Delving into an issue she said was crucial to tackle in order to combat inequities in Arkansas, Angela Duran explored ways to help children read at grade level during an address on Tuesday to the Rotary Club of Pine Bluff.
Duran, the campaign director for the Arkansas Campaign for Grade-Level Reading, spoke to Rotary Club members who were gathered at the Pine Bluff Country Club. Duran is familiar with the area, having once run a nonprofit organization in Pine Bluff called Southern Good Faith Fund. She was also once a member of the Rotary Club of Pine Bluff.
“Our goal is that every child in Arkansas read on grade level,” said Duran, of Little Rock. Duran said the Arkansas Campaign for Grade-Level Reading was launched about seven years ago by the Winthrop Rockefeller Foundation.
On its website, the Arkansas Campaign defines itself as a “collaboration of state and local nonprofits, parents and families, government agencies, foundations, educators, business leaders, and policymakers committed to the goal that all Arkansas children will read at grade-level by the end of third grade.”
The Arkansas Campaign’s focus, Duran stressed, is riveted on the third grade as a pivotal stage in a child’s education.
“Up until then, children are learning how to read,” she said. “After that, if they don’t have those basics, they’re going to fall behind in their science, their history, even their math.”
Duran said the Arkansas Campaign focuses on five points in its quest to help children read well. She noted, first of all, that “family and community engagement” are key forces, and she mentioned a few relevant resources – such as Dolly Parton’s Imagination Library – that help children to read and to obtain books.
“There are some sparks of light happening around the state,” said Duran, who earned a master’s degree in public policy at the John F. Kennedy School of Government at Harvard University.
A second factor, Duran explained, is a child’s level of readiness to learn upon entering kindergarten, and a third is chronic absence.
“We found that 12 percent of children in Arkansas from kindergarten through third grade were missing a month or more of school,” Duran said, noting that the organization has worked with about 45 districts in the state to help them reduce that number.
Describing the fourth area, Duran said the organization studies closely “what happens in the classroom” during the school year and noted that the assessment tool the state currently uses – the ACT Aspire – indicates that 37 percent of Arkansas third-graders were reading on grade level in the 2016-2017 school year. That’s up two percentage points from the previous year.
“That’s great, but we still have a long way to go,” she said.
Report cards on particular Arkansas schools and districts can be found at https://adesrc.arkansas.gov.
The Arkansas Campaign’s fifth area of focus, Duran said, is summer learning.
“We know that only about a fifth of kids in Arkansas have access to a quality summer learning opportunity,” she said. “If kids don’t have access to that, they end up falling two or three months behind every summer – so much so that by the time they reach fifth grade, they can literally be a year or two behind their peers.”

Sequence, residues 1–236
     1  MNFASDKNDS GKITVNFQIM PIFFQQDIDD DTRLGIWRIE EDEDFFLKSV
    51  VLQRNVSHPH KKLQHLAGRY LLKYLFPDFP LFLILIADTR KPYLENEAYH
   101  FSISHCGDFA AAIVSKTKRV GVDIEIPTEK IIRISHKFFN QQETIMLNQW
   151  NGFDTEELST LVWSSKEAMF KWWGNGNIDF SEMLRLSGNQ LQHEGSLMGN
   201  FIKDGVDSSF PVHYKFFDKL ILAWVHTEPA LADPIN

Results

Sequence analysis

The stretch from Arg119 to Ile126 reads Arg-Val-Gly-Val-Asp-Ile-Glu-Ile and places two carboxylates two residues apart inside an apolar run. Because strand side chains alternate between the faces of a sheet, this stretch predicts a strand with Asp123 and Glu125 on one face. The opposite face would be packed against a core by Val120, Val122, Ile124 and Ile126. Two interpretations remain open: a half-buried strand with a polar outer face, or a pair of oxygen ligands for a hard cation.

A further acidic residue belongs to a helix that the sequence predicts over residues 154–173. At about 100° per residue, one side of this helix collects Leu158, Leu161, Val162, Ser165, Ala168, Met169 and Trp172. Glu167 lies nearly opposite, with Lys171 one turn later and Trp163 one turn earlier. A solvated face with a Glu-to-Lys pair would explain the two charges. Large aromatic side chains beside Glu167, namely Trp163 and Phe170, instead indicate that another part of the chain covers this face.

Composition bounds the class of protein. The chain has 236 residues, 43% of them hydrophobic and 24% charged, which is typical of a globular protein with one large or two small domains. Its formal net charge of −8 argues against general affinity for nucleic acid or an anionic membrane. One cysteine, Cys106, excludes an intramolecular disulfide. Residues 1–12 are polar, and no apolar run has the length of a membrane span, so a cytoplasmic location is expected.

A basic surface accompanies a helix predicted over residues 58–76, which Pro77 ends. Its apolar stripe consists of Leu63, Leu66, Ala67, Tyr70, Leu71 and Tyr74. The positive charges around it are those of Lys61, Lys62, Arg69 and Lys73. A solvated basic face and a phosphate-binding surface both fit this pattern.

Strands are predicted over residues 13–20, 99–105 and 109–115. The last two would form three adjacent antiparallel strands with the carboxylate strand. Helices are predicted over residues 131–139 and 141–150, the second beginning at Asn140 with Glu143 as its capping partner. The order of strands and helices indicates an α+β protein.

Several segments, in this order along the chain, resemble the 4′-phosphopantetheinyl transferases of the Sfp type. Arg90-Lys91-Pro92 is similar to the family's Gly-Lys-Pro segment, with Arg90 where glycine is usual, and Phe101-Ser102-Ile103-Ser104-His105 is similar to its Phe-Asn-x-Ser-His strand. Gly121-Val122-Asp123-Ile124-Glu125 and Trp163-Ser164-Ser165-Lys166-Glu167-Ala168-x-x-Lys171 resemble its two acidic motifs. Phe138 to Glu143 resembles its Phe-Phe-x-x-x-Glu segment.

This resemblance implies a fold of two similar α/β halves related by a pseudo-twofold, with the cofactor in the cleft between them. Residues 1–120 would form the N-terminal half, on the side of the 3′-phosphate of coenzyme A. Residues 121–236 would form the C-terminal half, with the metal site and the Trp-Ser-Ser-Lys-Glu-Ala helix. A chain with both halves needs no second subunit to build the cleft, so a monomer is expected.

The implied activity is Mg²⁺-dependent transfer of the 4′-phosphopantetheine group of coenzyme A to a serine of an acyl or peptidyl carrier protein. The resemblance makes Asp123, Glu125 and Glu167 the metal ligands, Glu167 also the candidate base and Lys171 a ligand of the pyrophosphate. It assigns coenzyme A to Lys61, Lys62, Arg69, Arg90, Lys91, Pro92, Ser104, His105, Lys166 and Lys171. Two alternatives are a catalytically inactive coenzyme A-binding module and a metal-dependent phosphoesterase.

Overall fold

Duran praised the Arkansas Department of Education’s R.I.S.E. Arkansas initiative, which stands for Reading Initiative for Student Excellence. Duran said the initiative began in 2017, with a goal of improving students’ reading significantly within a few years. According to its website, R.I.S.E. Arkansas strives to coordinate “a statewide reading campaign with community partners, parents, and teachers to establish the importance of reading in homes, schools, and communities.”
As she contemplated ways to improve reading locally, Duran extolled Dolly Parton’s Imagination Library, which she said has been in use Jefferson County. The program allows young children to receive new books each month.
“Just having print, being able to feel books and see them, is a good first step for a lot of kids,” she said.
She also mentioned the program “Reach Out and Read,” which, according to its website, “promotes early literacy and school readiness in pediatric exam rooms nationwide by giving new books to children and advice to parents about the importance of reading aloud.”
As Duran underlined the importance of parental involvement, she mentioned a program called “Home Instruction for Parents of Preschool Youngster,” with a website at www.hippyarkansas.org/.
Duran also noted a host of organizations throughout the state with which the Arkansas Campaign for Grade-Level Reading collaborates.
After the presentation, Carolyn Blakely, president of the Rotary Club of Pine Bluff, stressed the importance of the subject Duran explored.
“It’s something we’ve got to get done,” Blakely said, referring to an improvement in student reading.
Diane Tatum, president-elect of the Rotary Club of Pine Bluff, introduced Duran, mentioning a host of past positions, degrees and other accomplishments.
“She focuses on child care, national services and youth development,” Tatum said.
An awareness of economic inequities within the state, Duran said, supplies a key reason for her current work.
“We have a lot of issues around equity in Arkansas,” Tatum said after the presentation, “and to me, education is the main tool we can use to close the gap.”
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